Estimate these curious quantities sufficiently accurately that you can rank them in order of size

Which units would you choose best to fit these situations?

Use your skill and knowledge to place various scientific lengths in order of size. Can you judge the length of objects with sizes ranging from 1 Angstrom to 1 million km with no wrong attempts?

When you change the units, do the numbers get bigger or smaller?

Can you suggest a curve to fit some experimental data? Can you work out where the data might have come from?

Work with numbers big and small to estimate and calculate various quantities in biological contexts.

Which dilutions can you make using only 10ml pipettes?

Can you sketch graphs to show how the height of water changes in different containers as they are filled?

To investigate the relationship between the distance the ruler drops and the time taken, we need to do some mathematical modelling...

Formulate and investigate a simple mathematical model for the design of a table mat.

Simple models which help us to investigate how epidemics grow and die out.

Get some practice using big and small numbers in chemistry.

Use the computer to model an epidemic. Try out public health policies to control the spread of the epidemic, to minimise the number of sick days and deaths.

Examine these estimates. Do they sound about right?

Could nanotechnology be used to see if an artery is blocked? Or is this just science fiction?

Many physical constants are only known to a certain accuracy. Explore the numerical error bounds in the mass of water and its constituents.

Can you deduce which Olympic athletics events are represented by the graphs?

Analyse these beautiful biological images and attempt to rank them in size order.

Work with numbers big and small to estimate and calculate various quantities in physical contexts.

Work with numbers big and small to estimate and calulate various quantities in biological contexts.

How would you go about estimating populations of dolphins?

An observer is on top of a lighthouse. How far from the foot of the lighthouse is the horizon that the observer can see?

In which Olympic event does a human travel fastest? Decide which events to include in your Alternative Record Book.

The triathlon is a physically gruelling challenge. Can you work out which athlete burnt the most calories?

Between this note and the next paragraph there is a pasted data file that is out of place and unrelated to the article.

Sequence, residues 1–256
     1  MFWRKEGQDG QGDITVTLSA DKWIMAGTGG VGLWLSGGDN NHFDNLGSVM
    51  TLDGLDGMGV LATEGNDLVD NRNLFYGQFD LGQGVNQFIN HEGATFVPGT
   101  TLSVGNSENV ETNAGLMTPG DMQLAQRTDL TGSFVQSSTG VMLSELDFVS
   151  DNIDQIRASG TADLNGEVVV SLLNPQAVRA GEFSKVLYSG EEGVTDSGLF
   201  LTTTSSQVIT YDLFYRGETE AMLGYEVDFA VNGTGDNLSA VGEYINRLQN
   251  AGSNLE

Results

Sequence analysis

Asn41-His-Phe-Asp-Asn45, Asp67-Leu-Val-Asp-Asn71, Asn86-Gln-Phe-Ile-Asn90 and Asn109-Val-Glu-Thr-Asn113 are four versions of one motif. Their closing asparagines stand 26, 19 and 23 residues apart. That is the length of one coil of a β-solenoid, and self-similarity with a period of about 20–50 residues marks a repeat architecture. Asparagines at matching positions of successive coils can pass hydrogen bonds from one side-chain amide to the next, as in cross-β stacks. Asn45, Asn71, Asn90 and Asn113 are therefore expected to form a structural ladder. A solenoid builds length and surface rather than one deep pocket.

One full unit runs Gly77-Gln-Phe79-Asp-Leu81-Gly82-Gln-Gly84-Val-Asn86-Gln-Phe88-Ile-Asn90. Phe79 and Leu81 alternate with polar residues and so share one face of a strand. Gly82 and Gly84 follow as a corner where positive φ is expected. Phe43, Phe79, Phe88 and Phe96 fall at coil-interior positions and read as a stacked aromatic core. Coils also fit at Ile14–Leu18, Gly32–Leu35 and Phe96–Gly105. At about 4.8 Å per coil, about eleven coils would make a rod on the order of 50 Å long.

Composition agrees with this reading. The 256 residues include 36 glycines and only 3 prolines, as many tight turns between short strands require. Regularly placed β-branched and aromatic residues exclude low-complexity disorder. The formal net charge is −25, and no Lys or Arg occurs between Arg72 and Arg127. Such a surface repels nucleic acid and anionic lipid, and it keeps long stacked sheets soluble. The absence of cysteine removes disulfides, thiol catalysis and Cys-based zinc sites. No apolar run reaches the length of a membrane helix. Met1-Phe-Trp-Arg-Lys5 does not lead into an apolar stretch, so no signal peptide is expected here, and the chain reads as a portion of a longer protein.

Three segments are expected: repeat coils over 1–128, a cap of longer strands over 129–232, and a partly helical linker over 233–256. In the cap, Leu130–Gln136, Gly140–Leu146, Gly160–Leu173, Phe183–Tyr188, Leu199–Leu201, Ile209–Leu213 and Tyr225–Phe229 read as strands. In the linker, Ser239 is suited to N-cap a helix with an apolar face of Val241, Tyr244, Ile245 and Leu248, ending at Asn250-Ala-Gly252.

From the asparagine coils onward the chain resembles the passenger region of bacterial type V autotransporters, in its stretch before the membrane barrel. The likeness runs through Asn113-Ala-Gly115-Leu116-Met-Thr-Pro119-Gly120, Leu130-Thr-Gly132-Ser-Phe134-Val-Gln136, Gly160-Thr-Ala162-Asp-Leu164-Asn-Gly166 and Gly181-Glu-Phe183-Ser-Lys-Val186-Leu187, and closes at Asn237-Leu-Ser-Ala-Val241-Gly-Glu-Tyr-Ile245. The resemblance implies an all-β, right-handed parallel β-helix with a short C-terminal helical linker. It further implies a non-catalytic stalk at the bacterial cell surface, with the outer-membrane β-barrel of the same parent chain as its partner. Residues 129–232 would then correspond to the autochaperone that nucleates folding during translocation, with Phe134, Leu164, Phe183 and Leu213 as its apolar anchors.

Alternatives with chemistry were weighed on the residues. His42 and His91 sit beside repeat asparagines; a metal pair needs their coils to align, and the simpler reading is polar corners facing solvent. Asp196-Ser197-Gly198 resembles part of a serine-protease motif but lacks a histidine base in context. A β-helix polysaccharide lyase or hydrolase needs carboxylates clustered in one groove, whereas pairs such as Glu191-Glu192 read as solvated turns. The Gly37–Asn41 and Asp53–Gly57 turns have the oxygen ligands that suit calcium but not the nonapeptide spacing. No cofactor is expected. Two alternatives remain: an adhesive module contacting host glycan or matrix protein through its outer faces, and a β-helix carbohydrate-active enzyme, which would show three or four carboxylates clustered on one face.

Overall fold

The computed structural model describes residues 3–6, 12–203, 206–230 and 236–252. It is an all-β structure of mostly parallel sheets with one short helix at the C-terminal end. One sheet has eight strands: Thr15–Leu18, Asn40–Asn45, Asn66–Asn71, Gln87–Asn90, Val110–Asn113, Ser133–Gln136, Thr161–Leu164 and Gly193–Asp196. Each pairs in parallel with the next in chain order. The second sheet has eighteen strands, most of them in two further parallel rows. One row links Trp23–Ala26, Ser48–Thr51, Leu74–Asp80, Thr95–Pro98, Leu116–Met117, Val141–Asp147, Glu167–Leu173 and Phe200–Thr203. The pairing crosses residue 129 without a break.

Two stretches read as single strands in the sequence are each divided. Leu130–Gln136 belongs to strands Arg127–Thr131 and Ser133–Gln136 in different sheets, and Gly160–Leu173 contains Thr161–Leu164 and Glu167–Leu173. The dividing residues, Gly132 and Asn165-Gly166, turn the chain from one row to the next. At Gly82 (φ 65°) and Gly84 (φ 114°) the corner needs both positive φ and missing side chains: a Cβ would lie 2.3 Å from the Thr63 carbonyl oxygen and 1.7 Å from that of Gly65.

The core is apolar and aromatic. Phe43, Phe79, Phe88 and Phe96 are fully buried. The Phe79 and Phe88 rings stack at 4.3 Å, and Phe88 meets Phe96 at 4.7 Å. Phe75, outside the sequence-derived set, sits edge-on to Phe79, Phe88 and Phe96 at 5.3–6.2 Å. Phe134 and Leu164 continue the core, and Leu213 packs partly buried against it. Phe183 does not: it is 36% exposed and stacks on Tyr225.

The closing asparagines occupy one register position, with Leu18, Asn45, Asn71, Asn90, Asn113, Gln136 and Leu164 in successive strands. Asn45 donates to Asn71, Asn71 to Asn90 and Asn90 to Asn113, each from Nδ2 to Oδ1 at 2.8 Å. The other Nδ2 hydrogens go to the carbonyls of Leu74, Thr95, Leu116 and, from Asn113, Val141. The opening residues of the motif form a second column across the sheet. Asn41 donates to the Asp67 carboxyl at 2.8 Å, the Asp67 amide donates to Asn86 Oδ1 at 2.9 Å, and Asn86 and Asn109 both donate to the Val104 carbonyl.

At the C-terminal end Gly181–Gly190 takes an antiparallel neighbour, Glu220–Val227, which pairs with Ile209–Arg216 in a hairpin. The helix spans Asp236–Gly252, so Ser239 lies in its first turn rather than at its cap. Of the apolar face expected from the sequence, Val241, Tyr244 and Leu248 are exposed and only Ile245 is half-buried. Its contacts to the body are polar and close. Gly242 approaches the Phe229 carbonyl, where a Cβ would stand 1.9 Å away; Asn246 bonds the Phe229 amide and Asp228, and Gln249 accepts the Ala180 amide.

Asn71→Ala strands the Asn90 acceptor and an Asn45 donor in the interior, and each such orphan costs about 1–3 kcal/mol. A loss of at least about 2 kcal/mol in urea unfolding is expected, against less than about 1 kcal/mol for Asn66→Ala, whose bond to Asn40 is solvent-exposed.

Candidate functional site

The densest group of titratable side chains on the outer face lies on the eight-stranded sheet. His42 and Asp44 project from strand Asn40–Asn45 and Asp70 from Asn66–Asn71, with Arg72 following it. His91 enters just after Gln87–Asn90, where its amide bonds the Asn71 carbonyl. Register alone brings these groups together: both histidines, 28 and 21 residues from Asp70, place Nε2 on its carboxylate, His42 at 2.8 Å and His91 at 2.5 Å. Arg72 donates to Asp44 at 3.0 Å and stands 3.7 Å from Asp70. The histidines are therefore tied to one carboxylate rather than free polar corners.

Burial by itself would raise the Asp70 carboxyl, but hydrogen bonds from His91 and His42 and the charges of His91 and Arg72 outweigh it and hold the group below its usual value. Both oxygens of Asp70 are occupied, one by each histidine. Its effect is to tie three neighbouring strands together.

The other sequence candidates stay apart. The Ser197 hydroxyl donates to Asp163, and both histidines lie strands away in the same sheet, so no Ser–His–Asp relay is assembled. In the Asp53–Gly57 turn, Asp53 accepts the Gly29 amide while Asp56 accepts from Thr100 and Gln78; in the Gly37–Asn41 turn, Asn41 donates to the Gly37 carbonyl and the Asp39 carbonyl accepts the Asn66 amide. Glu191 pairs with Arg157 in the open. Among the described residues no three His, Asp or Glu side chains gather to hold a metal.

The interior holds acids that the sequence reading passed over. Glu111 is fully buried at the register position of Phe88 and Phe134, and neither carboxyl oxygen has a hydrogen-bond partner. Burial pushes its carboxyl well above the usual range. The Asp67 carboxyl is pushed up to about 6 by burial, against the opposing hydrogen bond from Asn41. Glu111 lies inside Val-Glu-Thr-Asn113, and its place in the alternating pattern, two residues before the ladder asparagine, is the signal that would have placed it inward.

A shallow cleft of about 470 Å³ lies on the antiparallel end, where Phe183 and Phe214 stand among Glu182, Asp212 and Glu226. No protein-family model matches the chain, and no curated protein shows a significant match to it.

This problem explores the biology behind Rudolph's glowing red nose.

Learn about the link between logical arguments and electronic circuits. Investigate the logical connectives by making and testing your own circuits and fill in the blanks in truth tables to record. . . .

Explore the relationship between resistance and temperature

Investigate circuits and record your findings in this simple introduction to truth tables and logic.

How do you write a computer program that creates the illusion of stretching elastic bands between pegs of a Geoboard? The answer contains some surprising mathematics.

Make your own pinhole camera for safe observation of the sun, and find out how it works.

Can Jo make a gym bag for her trainers from the piece of fabric she has?

Two trains set off at the same time from each end of a single straight railway line. A very fast bee starts off in front of the first train and flies continuously back and forth between the. . . .

Work out the numerical values for these physical quantities.

Andy wants to cycle from Land's End to John o'Groats. Will he be able to eat enough to keep him going?

Can you draw the height-time chart as this complicated vessel fills with water?

Practice your skills of measurement and estimation using this interactive measurement tool based around fascinating images from biology.

10 graphs of experimental data are given. Can you use a spreadsheet to find algebraic graphs which match them closely, and thus discover the formulae most likely to govern the underlying processes?

How would you design the tiering of seats in a stadium so that all spectators have a good view?

Invent a scoring system for a 'guess the weight' competition.

Various solids are lowered into a beaker of water. How does the water level rise in each case?

Is it cheaper to cook a meal from scratch or to buy a ready meal? What difference does the number of people you're cooking for make?

Imagine different shaped vessels being filled. Can you work out what the graphs of the water level should look like?